Questions for Dana Friis-Hansen, director and CEO of Grand Rapids Art Museum
You came on board as director and CEO of the GRAM in July. What did you know about Grand Rapids before moving here?
I had done a lot of research because I wanted to make sure this was a good fit. I'm a people person and I'm an art person, so the magic happens for me when I can connect people to art. And I think GRAM is a good platform for that. The new building is amazing. The permanent collection is good and has lots of opportunity to get better. The community is full of warm, engaging and welcoming people.
How is Grand Rapids different from your previous home in Austin, Texas?
Perhaps Austin hasn't been challenged by the economy in the ways that Grand Rapids has. Texas was spared from a lot of suffering in the last recession. You can get too comfortable there. I was there for 10 years. I was looking for a change and Grand Rapids found me. I feel like this is meant to be.
What would you like to add to the GRAM?
What we need to do is build a bigger, broader audience and support group. We need to be more user-friendly, to be more welcoming, be more engaged with people's imaginations.
I feel like the more recent exhibitions such as Warrington Colescott and Robert Rauschenberg have given the museum extra personality.
They're really unique artists and appeal to different demographics, I think.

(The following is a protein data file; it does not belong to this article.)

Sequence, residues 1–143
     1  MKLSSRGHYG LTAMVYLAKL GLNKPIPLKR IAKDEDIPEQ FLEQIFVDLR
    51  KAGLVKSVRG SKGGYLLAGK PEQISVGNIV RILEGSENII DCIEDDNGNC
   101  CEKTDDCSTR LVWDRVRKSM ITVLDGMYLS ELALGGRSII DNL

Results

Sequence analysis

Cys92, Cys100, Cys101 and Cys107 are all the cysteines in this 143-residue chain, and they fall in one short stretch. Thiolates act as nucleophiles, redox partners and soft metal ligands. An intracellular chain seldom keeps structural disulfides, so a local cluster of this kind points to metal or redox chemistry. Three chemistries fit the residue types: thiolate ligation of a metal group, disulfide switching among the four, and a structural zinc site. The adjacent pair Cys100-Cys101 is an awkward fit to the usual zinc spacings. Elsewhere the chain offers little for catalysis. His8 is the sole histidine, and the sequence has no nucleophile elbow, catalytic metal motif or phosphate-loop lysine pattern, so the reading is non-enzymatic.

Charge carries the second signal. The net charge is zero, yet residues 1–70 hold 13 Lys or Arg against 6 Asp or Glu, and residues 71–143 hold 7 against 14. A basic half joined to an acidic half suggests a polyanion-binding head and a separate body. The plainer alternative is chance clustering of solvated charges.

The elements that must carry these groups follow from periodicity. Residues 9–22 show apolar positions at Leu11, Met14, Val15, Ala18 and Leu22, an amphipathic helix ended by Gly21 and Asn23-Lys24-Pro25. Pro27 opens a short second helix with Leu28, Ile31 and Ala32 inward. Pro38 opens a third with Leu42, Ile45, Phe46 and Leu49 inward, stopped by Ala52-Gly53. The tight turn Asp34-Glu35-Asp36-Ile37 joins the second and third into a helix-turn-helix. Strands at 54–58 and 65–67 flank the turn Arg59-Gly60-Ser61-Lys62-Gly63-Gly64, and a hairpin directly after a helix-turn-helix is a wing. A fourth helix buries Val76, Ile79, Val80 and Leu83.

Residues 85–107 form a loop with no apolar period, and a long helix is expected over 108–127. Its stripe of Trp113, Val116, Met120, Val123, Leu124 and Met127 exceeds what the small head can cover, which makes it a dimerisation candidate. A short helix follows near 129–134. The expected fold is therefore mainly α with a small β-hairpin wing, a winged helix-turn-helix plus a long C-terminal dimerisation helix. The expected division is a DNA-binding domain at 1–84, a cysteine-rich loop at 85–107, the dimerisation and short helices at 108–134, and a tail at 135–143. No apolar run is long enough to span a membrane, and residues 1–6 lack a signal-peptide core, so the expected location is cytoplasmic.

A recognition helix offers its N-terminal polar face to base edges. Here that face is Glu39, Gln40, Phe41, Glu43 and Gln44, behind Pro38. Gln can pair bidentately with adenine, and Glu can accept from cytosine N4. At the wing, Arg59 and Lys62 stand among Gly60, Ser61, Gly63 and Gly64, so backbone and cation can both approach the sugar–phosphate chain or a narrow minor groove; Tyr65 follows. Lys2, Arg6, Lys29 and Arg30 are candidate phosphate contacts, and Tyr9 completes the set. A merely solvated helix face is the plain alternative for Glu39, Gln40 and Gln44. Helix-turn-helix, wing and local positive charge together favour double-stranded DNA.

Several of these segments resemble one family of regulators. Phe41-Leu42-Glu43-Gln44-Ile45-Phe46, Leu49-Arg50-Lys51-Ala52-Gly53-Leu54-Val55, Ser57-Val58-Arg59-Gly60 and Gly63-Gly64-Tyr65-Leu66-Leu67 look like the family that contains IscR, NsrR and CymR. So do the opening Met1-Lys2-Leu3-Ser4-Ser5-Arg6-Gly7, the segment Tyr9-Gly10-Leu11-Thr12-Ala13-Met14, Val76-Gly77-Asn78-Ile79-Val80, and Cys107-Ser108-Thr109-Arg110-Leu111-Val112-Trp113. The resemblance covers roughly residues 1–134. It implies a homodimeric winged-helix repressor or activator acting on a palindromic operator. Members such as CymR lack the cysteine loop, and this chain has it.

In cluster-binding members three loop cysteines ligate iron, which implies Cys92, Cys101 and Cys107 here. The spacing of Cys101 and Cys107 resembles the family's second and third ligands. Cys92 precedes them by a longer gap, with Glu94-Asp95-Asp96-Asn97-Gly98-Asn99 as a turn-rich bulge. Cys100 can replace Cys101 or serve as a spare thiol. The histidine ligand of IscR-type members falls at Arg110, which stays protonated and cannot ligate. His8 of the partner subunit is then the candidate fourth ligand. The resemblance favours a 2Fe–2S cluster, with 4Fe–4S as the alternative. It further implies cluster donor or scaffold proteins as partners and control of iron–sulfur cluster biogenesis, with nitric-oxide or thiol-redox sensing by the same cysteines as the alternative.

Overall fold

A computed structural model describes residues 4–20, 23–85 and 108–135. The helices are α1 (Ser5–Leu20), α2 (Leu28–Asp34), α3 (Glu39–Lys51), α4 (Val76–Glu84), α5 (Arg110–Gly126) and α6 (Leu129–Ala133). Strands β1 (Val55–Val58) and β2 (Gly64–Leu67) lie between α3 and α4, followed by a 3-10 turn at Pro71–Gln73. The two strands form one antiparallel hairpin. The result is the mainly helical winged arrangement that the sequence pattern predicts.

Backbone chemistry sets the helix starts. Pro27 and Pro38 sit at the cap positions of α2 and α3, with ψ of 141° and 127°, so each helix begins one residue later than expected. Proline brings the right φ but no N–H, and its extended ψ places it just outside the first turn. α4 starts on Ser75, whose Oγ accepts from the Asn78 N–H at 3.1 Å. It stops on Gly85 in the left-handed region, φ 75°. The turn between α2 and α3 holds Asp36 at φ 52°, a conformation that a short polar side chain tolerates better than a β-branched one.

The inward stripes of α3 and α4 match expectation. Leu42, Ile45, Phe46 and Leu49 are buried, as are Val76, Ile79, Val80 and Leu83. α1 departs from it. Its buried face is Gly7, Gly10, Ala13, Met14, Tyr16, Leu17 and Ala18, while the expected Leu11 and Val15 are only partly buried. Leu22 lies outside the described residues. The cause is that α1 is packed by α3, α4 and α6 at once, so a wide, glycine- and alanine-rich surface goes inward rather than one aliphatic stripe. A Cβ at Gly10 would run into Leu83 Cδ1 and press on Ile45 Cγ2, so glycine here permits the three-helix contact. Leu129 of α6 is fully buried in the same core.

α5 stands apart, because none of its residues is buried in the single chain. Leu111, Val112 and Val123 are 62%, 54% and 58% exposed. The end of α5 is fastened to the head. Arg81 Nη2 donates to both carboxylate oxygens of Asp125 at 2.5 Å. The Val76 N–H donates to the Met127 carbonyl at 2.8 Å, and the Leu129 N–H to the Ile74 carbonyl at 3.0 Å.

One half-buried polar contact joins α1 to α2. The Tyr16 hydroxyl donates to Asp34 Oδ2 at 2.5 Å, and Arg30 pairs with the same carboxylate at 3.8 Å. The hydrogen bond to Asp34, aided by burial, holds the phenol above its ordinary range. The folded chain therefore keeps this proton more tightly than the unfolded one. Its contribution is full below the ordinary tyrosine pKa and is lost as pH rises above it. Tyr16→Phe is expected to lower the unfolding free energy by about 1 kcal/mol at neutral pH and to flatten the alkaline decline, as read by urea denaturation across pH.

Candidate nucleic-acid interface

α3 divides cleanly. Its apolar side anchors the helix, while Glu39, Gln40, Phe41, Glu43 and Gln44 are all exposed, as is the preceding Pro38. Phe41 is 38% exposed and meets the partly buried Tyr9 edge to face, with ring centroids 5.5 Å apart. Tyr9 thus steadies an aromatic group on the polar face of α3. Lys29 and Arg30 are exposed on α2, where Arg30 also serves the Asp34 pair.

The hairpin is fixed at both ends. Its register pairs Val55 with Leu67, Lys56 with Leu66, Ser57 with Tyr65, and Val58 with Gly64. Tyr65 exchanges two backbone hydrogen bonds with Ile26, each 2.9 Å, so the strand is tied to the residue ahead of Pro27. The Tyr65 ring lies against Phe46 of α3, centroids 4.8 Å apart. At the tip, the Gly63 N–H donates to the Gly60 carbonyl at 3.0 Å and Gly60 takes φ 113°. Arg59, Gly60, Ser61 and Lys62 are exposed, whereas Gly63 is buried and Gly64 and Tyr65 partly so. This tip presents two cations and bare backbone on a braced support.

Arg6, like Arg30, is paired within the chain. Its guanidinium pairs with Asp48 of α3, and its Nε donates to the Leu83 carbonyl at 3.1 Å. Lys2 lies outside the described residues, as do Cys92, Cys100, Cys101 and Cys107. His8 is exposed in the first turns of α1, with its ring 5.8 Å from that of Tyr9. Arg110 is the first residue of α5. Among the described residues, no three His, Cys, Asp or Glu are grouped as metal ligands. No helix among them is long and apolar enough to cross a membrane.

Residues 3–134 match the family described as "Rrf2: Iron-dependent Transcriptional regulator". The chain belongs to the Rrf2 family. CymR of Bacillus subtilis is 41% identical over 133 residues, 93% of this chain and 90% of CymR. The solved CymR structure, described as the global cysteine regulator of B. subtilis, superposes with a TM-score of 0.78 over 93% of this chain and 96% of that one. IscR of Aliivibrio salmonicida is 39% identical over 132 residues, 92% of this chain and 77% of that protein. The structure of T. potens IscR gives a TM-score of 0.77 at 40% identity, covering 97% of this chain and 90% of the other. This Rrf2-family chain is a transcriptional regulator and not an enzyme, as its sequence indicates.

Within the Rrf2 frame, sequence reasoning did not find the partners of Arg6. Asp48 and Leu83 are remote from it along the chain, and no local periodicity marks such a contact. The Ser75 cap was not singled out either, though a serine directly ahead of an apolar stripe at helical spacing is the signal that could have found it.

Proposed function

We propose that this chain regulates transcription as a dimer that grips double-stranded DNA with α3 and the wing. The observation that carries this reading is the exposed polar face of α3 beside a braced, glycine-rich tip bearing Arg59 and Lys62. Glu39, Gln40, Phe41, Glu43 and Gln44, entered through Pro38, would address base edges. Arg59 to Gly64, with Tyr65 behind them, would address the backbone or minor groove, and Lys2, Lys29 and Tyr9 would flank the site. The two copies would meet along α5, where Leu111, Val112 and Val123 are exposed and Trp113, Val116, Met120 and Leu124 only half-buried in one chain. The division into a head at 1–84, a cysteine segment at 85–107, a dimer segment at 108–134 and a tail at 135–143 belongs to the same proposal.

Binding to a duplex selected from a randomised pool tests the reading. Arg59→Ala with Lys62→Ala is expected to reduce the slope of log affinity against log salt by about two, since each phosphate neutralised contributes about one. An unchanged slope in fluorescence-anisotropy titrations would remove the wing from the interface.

We're a forward-looking art museum ... There's a danger if museums follow the path of history rather than question the history. And I don't want to be a museum that's a mausoleum or a warehouse.
Do you think these strategies will help educate the community about art?
I would say that education is the bedrock of the art museum. That's why we exist. Originally, art museums were created to protect objects, but this is a public place. It's a place where things happen and things come alive. What we want to do is make a one-time visitor into a repeat visitor and feel comfortable here.
What do you mean by comfortable?
Going to the museum should not be like taking medicine. It should be engaging and it should reach you at your own level.
2011 was your first ArtPrize. How was researching it versus experiencing it?
I thought I knew what ArtPrize was going to be like, but I had no idea how intense it was going to be. There's so much happening and it's happening on a variety of different levels and such a rapid pace. The intensity was wonderful and exhausting.
What do the top 10 results say about our community's knowledge of art?
They're responding to what they liked and didn't like, and we should have asked a different question. Ask them, "Is this strong art? Is this good art?" and "What does good art mean to you?" If you asked everyone, ‘Do you like vanilla ice cream?' then if you don't hate vanilla ice cream, you like it - so vanilla ice cream will be accepted.
What are you excited about for 2012?
We put together a series of exhibitions that I think will appeal to a broad variety of people. We've got some different ways of promoting them and presenting them that I think will connect.
Interview conducted and edited by Lindsay Patton-Carson. Photo by Tommy Valdez.